You just found your kid playing with a toy that does not belong to him. And you have a fair idea how he got it – either he nicked the toy from a schoolmate or he shoplifted from the toy store you had gone to recently.
Either way, it is a very grim situation, and you’re extremely angry, embarrassed and ashamed that your child has actually stolen something. You keep asking him why he did it, and when he does not come up with a better answer than “I don’t know”, you mete out severe punishments and take away many of his privileges, so he learns never to steal again.
But did it work? Has your kid really learnt a life lesson from your meltdown? Or has he learnt that he should hide his stolen goodies better from now on, and lie more convincingly to cover his tracks?
When young kids start stealing, it is important not to have knee-jerk reactions to the event because their understanding of the `crime’ is not as mature and evolved as an adult. Instead, by dealing with the situation in 8 steps described below, the chances of his not stealing again improves exponentially:
STEP 1: Understand That Children Stealing Is Not Uncommon
• From an adult perspective, stealing is a great crime. But from a young child’s perspective, it can simply be a matter of taking what he liked. Stealing stuff from friends or picking up merchandize in a store isn’t such a big deal, unless taught otherwise, and you’ll be surprised how many of them do it.
STEP 2: Stay Calm Upon Discovery
• Do not let emotions rule you when you discover your kid is in possession of stolen goods. Staying calm, instead of reacting heatedly in the moment, will keep the channels of communication open and the child will be less defensive.
STEP 3: Don’t Keep Asking “Why”
• It is pointless to ask children why they did it. Because often, they really don’t know. They don’t understand private property or commerce. Until they reach a certain level of maturity, they don’t get the concept of having to pay for merchandize and why it is wrong not to do it.
Even if you ask leading questions like “How would you feel if somebody took away your own favorite toy?” it will probably not elicit the response you want because young kids – especially below the age of 7 – cannot visualize the outcome of such an event and then link the fallout with his own, present action.
Asking questions is a waste of time. By pressing on with a line of interrogation, the child will only shut down and go defensive, and nothing more of what you say will actually sink in.
STEP 4: Focus On Fixing The Problem
• Assure the child that the problem will be fixed, and you’re going to fix it “together”. As soon as making amends becomes a joint activity for the two of you, the child is ready to let his defenses down and participate in the solution.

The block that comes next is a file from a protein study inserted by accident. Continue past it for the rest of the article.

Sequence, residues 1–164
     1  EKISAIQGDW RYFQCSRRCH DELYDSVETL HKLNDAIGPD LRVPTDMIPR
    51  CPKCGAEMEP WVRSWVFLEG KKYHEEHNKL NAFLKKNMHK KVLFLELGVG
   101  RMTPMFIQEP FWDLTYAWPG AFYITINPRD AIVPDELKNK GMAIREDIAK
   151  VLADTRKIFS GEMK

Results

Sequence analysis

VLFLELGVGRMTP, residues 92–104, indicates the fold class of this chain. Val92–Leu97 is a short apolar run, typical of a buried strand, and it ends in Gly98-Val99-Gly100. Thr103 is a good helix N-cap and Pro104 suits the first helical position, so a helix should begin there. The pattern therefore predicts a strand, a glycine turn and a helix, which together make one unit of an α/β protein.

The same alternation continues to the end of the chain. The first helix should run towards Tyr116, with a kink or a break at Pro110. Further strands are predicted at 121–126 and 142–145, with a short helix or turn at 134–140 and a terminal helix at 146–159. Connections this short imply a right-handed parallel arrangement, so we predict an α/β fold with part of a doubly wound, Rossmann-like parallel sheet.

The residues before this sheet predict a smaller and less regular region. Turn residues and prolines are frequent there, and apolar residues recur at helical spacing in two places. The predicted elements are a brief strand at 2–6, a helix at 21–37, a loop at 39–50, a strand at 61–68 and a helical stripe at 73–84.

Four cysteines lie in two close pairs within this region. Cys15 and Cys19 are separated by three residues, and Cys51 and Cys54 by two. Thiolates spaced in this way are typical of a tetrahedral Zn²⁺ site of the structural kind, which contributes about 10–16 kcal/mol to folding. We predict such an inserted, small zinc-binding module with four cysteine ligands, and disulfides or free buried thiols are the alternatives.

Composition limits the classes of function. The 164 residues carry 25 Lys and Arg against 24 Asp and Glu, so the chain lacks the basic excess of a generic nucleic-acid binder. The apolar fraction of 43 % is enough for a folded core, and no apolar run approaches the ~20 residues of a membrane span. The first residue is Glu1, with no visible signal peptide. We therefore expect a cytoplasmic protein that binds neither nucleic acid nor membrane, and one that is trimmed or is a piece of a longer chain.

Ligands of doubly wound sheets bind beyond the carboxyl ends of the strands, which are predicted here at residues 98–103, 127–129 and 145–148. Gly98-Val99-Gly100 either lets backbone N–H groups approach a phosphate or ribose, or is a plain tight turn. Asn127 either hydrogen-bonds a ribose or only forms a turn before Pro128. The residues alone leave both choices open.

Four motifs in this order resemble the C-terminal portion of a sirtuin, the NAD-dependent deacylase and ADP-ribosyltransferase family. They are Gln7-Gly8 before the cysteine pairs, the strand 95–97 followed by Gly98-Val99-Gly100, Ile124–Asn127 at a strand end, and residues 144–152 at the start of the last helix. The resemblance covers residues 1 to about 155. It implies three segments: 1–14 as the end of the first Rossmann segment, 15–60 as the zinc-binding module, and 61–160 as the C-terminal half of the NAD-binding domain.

But finding the solution means first knowing where the problem occurred, right? Exactly!
Now that your kid is open to discussion instead of shutting down in fear, you can actually discuss what happened.
If the theft happened in a store, explain how the missing toy is hurting the store-owners who work so hard to keep the place open and bring food to their family. If something was stolen from a schoolmate, imagine together how that child is probably crying right now and missing the toy so much.
Do not correlate the consequences with the child’s action. Just explore the consequences together. When there is less fear of blame coming his way, the child will be more open in his heart to empathize. And understand.
STEP 5: Now, Go Fix The Problem
• Do not send the child into a store to own up on his own. Assure him that the toy will be returned to its rightful owner, and that you will do it together.
By having you by his side, the child will be able to safely draw on his own reserve of courage – which in itself is a life lesson on dealing fearlessly with hard situations.
STEP 6: Bring Up The Issue Again A Few Days Later
• The right timing for a heart-to-heart conversation about the theft is when the dust has settled and the child has let go of some of the psychological burden of what he did.
Without making the theft a reflection of who is he, without reducing his sense of self-worth in any way, and without making it too personal, talk about why stealing is a bad action. Focus on the action and not the person who perpetrated it.
By distancing the child himself from the petty crime, he is more likely to learn the lesson you want to teach.
STEP 7: Acknowledge Examples Of Truthfulness
• Make a big deal of moments when you child has to tell an uncomfortable truth from here on. Applaud him for doing the right thing, each and every time. By reinforcing and rewarding truthfulness, you’re showing the child what a wonderful feeling it is to always tell the truth.
STEP 8: Review Your Child’s Environment
• The last step involves some uncomfortable soul searching on your part. Think about what kind of a home life the child is experiencing. Are his parents too busy with their careers and emotionally unavailable at times when the child most needs companionship and support? Was the stealing a cry for attention or a reckless act of defiance to express his anger and frustrations in any way?
What can you do to help the child feel more secure? Should you be spending more quality time with him?
Raising a child in these busy, modern times is not an easy task, especially in two-income families. Use your offspring’s negative behaviors as teaching moments for yourself too as a parent, because often times, we miss out on small, seemingly inconsequential clues that can snowball into major problems in the future.